8. As Jesus was the true worshipper of the Father, so let prayer and contemplation be the soul of all they are and do. Let them participate in the sacramental life of the Church, above all the Eucharist. Let them join in liturgical prayer in one of the forms proposed by the Church, reliving the mysteries of the life of Christ.
Prayer, contemplation, Sacraments, especially Eucharist, and liturgical prayer—these are the elements of Article 8 of our Rule— “…the soul of all [we] are and do.” That gets right down to our very nature, doesn’t it? Let’s take a brief look at what this means in our daily lives as Franciscans.
We know that St. Francis spent much time secluded from his friars immersed in prayer and contemplation. We know that in one of these sessions near the end of his life, he was blessed with the Stigmata. We also know that St. Francis was just following the example of Jesus who also would steal away from his Disciples and go to a private place to spend time in prayer and contemplation, especially before some other major event in his life. (CCC 2599 & 2602) The most visible example of these prayer sessions is the glimpse that we get in the garden on Holy Thursday. So, we have excellent examples from St. Francis and Jesus of just what the results of prayer and contemplation can accomplish.
Our Constitutions enlighten us further.
Article 12, 3. Rule 8 The brothers and sisters should love meeting God as His children and they should let prayer and contemplation be the soul of all they are and do. They should seek to discover the presence of the Father in their own heart, in nature, and in the history of humanity in which His plan of salvation is fulfilled. The contemplation of this mystery will dispose them to collaborate in this loving plan.
Here we see that an essential aspect of our prayer and contemplation is to “discover the presence of the Father in [our] own heart...” This kind of prayer is much deeper than a few Rosaries or Our Fathers. We spend time in quiet solitude contemplating how God works in our lives and quiet the mind so that He can “talk” to us. As we do this, we find the remainder of that second sentence becoming a part of our awareness of who we are. We find ourselves not only loving God, but really, truly loving our neighbor with a deep agape and collaborating with God’s loving plan. One follows the other. (See Constitutions, Article 14.1 & 5)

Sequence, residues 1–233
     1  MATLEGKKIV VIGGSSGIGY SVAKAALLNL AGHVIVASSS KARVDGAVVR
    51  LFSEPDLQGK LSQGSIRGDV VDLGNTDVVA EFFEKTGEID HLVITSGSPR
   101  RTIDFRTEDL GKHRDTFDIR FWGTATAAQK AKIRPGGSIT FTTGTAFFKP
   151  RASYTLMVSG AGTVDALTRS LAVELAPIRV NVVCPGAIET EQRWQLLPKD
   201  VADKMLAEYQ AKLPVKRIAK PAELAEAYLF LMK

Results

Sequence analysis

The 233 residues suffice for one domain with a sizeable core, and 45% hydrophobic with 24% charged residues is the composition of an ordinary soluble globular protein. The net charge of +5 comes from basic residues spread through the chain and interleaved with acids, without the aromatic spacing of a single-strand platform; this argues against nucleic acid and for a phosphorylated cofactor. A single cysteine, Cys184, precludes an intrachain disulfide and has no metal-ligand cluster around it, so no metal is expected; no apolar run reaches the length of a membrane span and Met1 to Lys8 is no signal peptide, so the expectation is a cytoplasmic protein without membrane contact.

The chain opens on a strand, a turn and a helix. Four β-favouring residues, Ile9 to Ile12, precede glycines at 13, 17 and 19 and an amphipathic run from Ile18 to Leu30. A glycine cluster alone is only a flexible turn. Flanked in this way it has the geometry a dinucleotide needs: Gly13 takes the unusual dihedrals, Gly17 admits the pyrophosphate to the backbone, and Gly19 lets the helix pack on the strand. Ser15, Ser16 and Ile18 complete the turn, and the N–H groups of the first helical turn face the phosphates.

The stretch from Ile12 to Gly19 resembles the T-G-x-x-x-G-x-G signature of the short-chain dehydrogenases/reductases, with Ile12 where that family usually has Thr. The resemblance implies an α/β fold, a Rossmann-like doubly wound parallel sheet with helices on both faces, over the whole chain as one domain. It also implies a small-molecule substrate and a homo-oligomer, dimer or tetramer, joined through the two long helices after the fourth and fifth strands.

The Catechism of the Catholic Church explains the processes of contemplative prayer and would be well worth your time to review. (Consult Part Four, Chapter Three, Article I, Section III, Articles 2709—2719.) Incorporating this form of prayer into our daily routine will take us well beyond our usual repetition of formal prayers into a “state of being with God.” As we set aside these quiet moments, we experience how the Holy Spirit works in our lives and changes us dramatically—like He did the Apostles. In so doing, we discover how to become holy as Pope Francis is calling us to do in his recent apostolic Exhortation, Gaudete et exsultate, which we are running in our Newsletter on page 3.
Article 8 of the Rule continues to encourage us to fully participate in the Sacramental life of the Church, especially the Eucharist. We already know how important the Eucharist is to Franciscans. St. Francis reminds us that the Eucharist is “the bodily presence of the most high Son of God in the world.” In our prayer addendum to the Liturgy of the Hours for Thursday we pray, “O God, Francis and Clare had great awe and reverence for the Eucharist—may our devotion to Jesus’ Body and Blood be an example to those who aspire to the Franciscan life.” Even the document Lumen Gentium from the Second Vatican Council tells us that the Eucharist is “the source and summit of the Christian life.” (LG 11)
Yes, the Eucharist is important. But our Rule does ask us to participate in the sacramental life of the church. That means the other six sacraments are important too. Most of us will have participated in at least six of them, a few will have been ordained Deacons as well. What we realize is the we receive much grace through all the Sacraments and, having received that grace, need to witness our faith through a radical change in our daily lives. (See Constitutions, Article 14, 2-3; Article 53.2)
The brothers and sisters, as well as the fraternities, should adhere to the indications of the Ritual with respect to the different forms of participating in the liturgical prayer of the Church, giving priority to the celebration of the Liturgy of the Hours. (Article 14.4)
The Ritual lists a number of these optional prayers which include, a shortened form of the Liturgy of the Hours, The Little Office of the Blessed Virgin Mary, The Office of the Passion, The Office of the Twelve our Fathers, other forms of liturgical prayer approved by the Spiritual Assistant, and Spiritual Prayer Forms for the liturgical seasons, e.g., The Way of the Cross and The Crown Rosary. (pp. 103-104.) Utilizing these other liturgical forms of prayer help to vary our talks with God and keep our prayer life fresh. This variety helps us “relive the mysteries of the life of Christ,” thus bringing us closer to Him and his Way of Life. As we become closer to Christ, we imitate our Seraphic Father and become better servants of our Lord, helping others who are the less fortunate of the world, not only in physical things but in spiritual things as well.